Various organizations publish their annual criminal “hit rates,” showing how many applicants subject to background screening had criminal records or other discrepancies. On one hand, these figures are extremely valuable because they confirm an already compelling case that background checks are critical for any employer that wants to exercise due diligence and protect its workforce and the public. In fact, as Employment Screening Resources has been advising employers for sometime, without a system of pre-employment screening, it is a virtual statistical certainty that an employer will hire someone with a serious issue that has the potential to create a legal and financial nightmare or cause workplace violence.

On the other hand, as with all statistics, these yearly reports need to be taken with a grain of salt. First, not all criminal records come as a surprise to employers. Given the number of Americans with some sort of criminal records, many employers are still willing to hire someone for an appropriate position, providing the applicant was not dishonest in the application. In fact, certain industries by nature of their workforce are more likely to draw upon a pool of potential applicants that may tend to have higher levels of past criminal conduct. Examples might be construction or firms that provide employment for entry level workers.

A statistic that would be very interesting but much harder to obtain is how many criminal records were discovered where the applicant was dishonest about past conduct. Of course, that gets complicated by the fact that an applicant may have been genuinely confused about what is or is not reportable on an application.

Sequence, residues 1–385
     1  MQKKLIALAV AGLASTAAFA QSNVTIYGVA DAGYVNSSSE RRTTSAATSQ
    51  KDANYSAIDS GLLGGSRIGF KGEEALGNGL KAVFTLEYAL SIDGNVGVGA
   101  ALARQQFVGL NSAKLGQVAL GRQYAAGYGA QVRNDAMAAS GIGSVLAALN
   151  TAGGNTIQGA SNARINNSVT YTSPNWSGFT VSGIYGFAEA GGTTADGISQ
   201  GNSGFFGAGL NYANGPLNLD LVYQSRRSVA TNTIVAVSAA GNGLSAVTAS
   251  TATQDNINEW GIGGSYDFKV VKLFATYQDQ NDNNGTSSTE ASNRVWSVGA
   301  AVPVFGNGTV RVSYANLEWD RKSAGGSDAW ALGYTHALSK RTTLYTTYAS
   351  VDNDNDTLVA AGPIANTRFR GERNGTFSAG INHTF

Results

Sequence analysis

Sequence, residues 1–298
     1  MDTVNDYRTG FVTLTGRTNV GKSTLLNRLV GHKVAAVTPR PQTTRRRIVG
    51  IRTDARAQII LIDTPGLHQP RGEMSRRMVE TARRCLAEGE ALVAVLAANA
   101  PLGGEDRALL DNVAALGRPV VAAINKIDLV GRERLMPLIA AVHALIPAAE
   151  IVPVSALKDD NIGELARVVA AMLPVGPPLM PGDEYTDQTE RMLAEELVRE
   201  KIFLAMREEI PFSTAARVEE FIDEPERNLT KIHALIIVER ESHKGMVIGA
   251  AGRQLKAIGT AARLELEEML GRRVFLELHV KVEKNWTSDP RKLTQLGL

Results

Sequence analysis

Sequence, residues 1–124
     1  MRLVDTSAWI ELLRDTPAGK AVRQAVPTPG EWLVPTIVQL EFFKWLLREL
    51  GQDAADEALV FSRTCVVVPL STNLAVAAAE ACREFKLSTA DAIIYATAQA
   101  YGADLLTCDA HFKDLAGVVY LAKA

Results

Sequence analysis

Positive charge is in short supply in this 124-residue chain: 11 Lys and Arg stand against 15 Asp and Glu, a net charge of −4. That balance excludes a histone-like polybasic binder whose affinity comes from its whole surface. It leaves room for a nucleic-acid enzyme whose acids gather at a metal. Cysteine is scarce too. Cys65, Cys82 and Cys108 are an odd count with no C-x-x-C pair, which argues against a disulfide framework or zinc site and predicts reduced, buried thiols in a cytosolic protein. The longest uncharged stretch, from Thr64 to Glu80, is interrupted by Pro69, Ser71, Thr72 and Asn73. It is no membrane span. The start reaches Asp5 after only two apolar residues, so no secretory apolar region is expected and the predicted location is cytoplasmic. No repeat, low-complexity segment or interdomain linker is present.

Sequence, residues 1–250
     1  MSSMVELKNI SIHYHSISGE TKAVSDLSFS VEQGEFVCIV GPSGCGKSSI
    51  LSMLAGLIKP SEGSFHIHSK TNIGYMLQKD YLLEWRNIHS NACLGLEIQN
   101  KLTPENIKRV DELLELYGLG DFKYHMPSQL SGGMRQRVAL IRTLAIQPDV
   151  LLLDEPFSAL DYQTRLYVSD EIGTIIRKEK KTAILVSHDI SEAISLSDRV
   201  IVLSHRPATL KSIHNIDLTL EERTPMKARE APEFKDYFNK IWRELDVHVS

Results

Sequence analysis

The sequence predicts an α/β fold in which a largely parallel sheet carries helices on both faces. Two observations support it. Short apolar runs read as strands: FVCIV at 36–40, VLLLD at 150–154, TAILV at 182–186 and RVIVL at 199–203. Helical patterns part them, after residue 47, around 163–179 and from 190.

A related issue is that not all criminal records have the same impact. A criminal record for underage drinking is not in the same league as a conviction for armed robbery.

In reviewing these types of statistics, employers also need to keep in mind that not all of the criminal records located are job related. Employers should NOT automatically deny employment to an applicant with a criminal record unless there is a business justification that takes into account the nature and gravity of the crime, the nature of the job and the age of the crime. As noted in a recent blog on this site, the EEOC takes the position that the overuse of criminal records without a business justification can create a disparate impact, and therefore can be discriminatory. See:

Finally, it is difficult to draw firm conclusions from the statistics without knowing the search methodology. Depending on how the searches were conducted, it is entirely possible in fact that such annual statistics may even understate the number of criminal records applicants had. The most accurate criminal record searches are done by accessing information directly from the county courthouse level, either by physically going the court, or by use of the court computer system that is the functional equivalent of going to the courthouse. That is the method used by Employment Screening Resources. Databases on the other hand, although much wider in scope, are not nearly as accurate, do not have all courts or jurisdiction, may not be updated, or may not contain sufficient identifiers.  To the extent any searching was done by the use of databases, the numbers could potentially be understated.

The bottom line: These statistics are an excellent reminder that employers need to be careful in hiring. However, as with most statistics, there is more to the story. Contact Employment Screening Resources for additional information.